3. Servies raise awareness, highlighting issues, needs and solutions to problems in our local communities and around the world.

4. Servies inspire others and impact communities:  Servies show needs being met, lives being improved and communities changing for the better.

5. The Servie Challenge is a great way to show, share and increase your impact on the world.   What you need to do for the Servie Challenge is post servies  to your profiles and then challenge other social media users to do the same.  Servies can change the world, but you have to take the first step. 

Post your servies with #serviechallenge.

Teens Taking Action

“Never doubt that a small group of thoughtful, committed citizens can change the world; indeed, it’s the only thing that ever has.” –Margaret Mead. This thought really struck home for two sophomores who had a passion for volunteering in their community. In the spring of 2013, Morgan and Rachael started a service club called Teens Taking Action at their high school in Minnetonka, Minnesota. The club is focused on counteracting poverty in the Twin Cities through volunteer work at local organizations. 

They wanted to give students an opportunity to volunteer more regularly in order to spread volunteerism in their community. Members of the service club choose to volunteer at organizations and causes they are passionate about. The service club as four main issues they take action against: hunger, homelessness, lack of necessities and aiding in healthy community relations, in order to counteract poverty.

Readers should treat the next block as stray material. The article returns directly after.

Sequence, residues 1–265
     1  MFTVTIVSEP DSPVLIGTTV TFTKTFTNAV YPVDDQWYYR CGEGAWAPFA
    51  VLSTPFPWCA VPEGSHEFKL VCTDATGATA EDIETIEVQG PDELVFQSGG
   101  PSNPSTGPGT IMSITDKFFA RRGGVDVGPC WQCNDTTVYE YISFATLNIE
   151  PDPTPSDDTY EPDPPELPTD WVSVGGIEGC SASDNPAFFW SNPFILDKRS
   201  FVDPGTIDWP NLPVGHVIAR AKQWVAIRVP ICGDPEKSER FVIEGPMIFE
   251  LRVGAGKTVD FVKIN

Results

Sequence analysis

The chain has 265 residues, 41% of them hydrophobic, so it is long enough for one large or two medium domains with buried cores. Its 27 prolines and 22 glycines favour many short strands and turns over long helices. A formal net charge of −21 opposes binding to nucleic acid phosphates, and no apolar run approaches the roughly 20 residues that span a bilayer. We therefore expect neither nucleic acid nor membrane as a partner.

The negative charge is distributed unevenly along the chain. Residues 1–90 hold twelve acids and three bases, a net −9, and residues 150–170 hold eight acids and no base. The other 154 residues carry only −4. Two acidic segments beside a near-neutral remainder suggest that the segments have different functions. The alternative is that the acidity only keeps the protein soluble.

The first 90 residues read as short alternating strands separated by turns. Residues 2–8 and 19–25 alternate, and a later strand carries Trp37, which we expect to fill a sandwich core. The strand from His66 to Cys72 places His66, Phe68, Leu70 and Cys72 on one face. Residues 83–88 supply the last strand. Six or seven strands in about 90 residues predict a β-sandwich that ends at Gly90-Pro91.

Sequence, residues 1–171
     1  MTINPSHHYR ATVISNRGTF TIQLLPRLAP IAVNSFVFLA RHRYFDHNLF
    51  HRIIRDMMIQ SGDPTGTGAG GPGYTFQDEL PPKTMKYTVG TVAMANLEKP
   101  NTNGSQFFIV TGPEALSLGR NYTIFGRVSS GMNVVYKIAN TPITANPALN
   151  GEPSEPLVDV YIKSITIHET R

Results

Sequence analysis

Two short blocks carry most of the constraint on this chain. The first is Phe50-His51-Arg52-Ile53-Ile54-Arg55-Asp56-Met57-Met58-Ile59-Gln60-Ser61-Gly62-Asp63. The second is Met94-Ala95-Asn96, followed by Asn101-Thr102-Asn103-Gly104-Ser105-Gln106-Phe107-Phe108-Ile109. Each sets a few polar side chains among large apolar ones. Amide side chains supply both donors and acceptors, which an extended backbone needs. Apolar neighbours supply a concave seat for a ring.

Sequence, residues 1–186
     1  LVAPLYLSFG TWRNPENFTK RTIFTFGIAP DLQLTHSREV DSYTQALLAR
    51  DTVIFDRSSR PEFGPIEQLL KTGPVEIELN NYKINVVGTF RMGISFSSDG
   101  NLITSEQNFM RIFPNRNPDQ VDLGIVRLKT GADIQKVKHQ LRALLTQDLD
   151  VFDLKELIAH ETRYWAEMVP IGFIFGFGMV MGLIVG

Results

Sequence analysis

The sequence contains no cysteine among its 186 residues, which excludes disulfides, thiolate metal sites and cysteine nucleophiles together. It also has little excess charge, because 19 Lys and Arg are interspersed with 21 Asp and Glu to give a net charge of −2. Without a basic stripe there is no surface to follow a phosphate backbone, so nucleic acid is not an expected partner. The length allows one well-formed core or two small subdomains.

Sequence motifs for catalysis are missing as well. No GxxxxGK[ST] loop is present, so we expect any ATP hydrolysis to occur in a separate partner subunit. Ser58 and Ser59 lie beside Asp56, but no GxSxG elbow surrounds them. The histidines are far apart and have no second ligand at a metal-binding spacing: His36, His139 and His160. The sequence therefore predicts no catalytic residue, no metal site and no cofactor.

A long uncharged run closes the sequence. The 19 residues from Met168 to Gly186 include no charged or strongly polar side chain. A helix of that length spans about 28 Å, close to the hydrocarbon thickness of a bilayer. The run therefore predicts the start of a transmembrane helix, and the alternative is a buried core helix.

The club meets every month during the school year and strives to complete at least two volunteering projects each month. What began as a small group of 15 friends has grown to more than 50 members. The club even completes volunteer projects during the summer. Some examples of organizations they have volunteered with include Second Harvest Heartland, HandsOn Twin Cities, The Sandwich Project, ICA Food Shelf, Salvation Army, and Caring for Cambodia, Cheerful Givers, The Humane Society, Operation Gratitude and Little Brothers Friends of the Elderly. 

However, the club’s biggest accomplishment was receiving a grant from the organization Katie’s Krops to start their very own vegetable garden, where all the vegetables harvested would be donated to their local ICA food shelf. Over 170 applicants applied for Katie’s Krops 2014 Grant Cycle and Teens Taking Action was one of the 31 grantees to receive funding. Teens Taking Action also received donations of seeds and plants from a local greenhouse and their city also donated a 20 X 20 plot for them to grow on. They began planting in mid May and the garden has been flourishing since. Each week this summer the garden switches hands from various members. Two to three members will take care of the garden for a week. Responsibilities for managing the garden include weeding, watering, and if there is produce, delivering it to ICA Food Shelf. 

Morgan and Rachael, the founders of Teens Taking Action, are so thankful for the wonderful support from their members, as well as the support from their club advisor, community, and Katie’s Krops. 

Interested in learning more about Teens Taking Action’s service projects follow them on Twitter @TTA_MHS.